KABUL -- The wrestling mats were spattered with blood, the sports bags and water bottles still strewn across the floor Thursday (September 6), hours after a twin blast ripped through the Maiwand sports club in Kabul, killing more than 20 Afghans.
On a Wednesday (September 5) afternoon, a regular workout session turned into a bloodbath when a suicide bomber fatally shot a young, unarmed guard at the entrance of the sports club before blowing himself up near the scores of wrestlers, some of whom were as young as 10.
An hour later, a car packed with explosives detonated outside the club, apparently targeting first responders, reporters and emergency workers who had gathered at the scene.
Two journalists from TOLOnews, Afghanistan's largest private broadcaster, were among the dead. Four media workers were wounded.
"There were dead and wounded everywhere," 14-year-old wrestler Sayed Rohullah told AFP from his bed at Isteqlal Hospital, where dozens of casualties were taken after the twin blasts.
"Everyone was covered in glass and pieces of shrapnel, and shouting for their loved ones," he said. "After the explosion, I couldn't feel my legs."
Most of the deaths were caused by severe burns and shrapnel, doctors said.
Ali Seena, 20, said the wrestlers had been in the middle of the training session when they heard cracks of gunfire outside. He did not see the suicide bomber enter the room, but he felt the "flying shrapnel" as it pierced his abdomen.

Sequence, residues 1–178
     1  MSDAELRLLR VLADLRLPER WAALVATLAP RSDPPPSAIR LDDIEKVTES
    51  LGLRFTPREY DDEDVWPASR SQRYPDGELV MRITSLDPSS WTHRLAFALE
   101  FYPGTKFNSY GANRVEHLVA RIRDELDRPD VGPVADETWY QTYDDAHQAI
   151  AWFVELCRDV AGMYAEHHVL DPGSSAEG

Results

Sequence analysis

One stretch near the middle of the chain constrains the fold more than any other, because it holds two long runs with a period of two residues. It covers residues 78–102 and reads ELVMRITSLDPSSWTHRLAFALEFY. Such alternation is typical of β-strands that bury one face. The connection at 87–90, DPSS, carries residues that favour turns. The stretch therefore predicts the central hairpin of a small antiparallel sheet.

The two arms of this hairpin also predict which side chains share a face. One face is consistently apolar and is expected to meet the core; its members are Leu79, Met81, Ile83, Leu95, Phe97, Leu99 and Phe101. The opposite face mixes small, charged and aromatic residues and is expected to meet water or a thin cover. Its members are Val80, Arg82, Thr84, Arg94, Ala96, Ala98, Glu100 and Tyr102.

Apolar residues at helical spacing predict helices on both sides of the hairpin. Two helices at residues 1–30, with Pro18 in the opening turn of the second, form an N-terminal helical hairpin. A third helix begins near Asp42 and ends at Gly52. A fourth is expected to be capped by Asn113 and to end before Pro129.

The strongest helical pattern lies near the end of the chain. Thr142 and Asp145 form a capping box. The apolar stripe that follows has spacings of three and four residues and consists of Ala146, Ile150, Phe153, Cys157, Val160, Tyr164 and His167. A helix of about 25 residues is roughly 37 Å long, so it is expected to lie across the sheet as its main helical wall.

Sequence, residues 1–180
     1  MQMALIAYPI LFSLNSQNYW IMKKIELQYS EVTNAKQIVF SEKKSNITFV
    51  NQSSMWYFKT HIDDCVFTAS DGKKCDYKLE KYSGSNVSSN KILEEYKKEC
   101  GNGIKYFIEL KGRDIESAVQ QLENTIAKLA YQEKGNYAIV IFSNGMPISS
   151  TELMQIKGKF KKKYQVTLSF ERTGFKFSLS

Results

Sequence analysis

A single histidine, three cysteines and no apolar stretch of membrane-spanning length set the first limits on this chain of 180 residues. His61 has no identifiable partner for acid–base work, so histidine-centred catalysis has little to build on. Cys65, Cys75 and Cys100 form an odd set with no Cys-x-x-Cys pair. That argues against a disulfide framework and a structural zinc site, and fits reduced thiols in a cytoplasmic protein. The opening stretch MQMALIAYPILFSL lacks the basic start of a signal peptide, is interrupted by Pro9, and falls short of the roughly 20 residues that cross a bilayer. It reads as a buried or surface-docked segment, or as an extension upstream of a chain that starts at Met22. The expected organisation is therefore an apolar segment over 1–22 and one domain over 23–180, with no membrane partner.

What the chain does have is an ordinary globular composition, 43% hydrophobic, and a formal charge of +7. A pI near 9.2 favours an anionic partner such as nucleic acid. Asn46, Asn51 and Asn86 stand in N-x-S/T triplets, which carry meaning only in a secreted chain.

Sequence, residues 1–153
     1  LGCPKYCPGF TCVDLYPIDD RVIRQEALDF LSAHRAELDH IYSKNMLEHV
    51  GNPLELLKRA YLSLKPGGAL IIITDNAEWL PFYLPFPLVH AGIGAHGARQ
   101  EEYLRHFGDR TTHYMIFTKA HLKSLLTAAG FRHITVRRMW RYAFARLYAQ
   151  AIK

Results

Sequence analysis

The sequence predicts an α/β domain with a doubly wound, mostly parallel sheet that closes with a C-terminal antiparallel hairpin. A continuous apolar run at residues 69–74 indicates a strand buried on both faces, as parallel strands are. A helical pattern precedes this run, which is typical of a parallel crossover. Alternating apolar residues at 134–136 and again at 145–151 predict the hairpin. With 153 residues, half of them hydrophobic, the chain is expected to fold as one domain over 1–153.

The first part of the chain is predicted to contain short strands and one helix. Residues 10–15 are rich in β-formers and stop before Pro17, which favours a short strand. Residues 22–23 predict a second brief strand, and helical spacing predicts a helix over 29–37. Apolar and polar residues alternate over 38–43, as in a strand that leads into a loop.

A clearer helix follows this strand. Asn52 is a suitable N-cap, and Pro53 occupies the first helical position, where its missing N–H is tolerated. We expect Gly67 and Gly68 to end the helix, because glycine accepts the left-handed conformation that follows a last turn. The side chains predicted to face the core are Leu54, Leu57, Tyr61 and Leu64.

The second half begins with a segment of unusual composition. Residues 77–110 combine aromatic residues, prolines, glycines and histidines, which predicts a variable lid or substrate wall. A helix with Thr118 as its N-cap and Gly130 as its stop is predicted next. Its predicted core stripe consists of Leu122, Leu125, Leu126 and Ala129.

ISIS claims responsibility
The "Islamic State of Iraq and Syria" (ISIS) claimed responsibility for the massacre, which killed at least 26 people and wounded 91, according to the Afghan health and interior ministries.
The real death toll could be much greater, said Pahlawan Shir, manager of the Maiwand sports club.
As many as 150 individauls were inside the hall in the heavily Shia neighbourhood at the time of the attack, he said.
"Some have already taken their martyrs home. I am still searching for many missing students and coaches."
ISIS, which has been militarily defeated in Iraq and Syria and relegated to inhospitable areas of Afghanistan, now regularly resorts to attacking "soft" targets, including those frequented by children.
ISIS has ramped up violence against the Shia religious minority group in recent years, whom the terrorist group considers apostates.
In the past year, Afghanistan's Shia population has been hit hard by ISIS, including in Kabul and other major cities. The last major attack on the Shia minority in Kabul was on August 15 when an ISIS suicide bomber blew himself up in an education centre, killing dozens of students.
On Thursday morning, grieving relatives, friends and colleagues began the grim process of burying their loved ones in dusty, barren cemeteries around Kabul.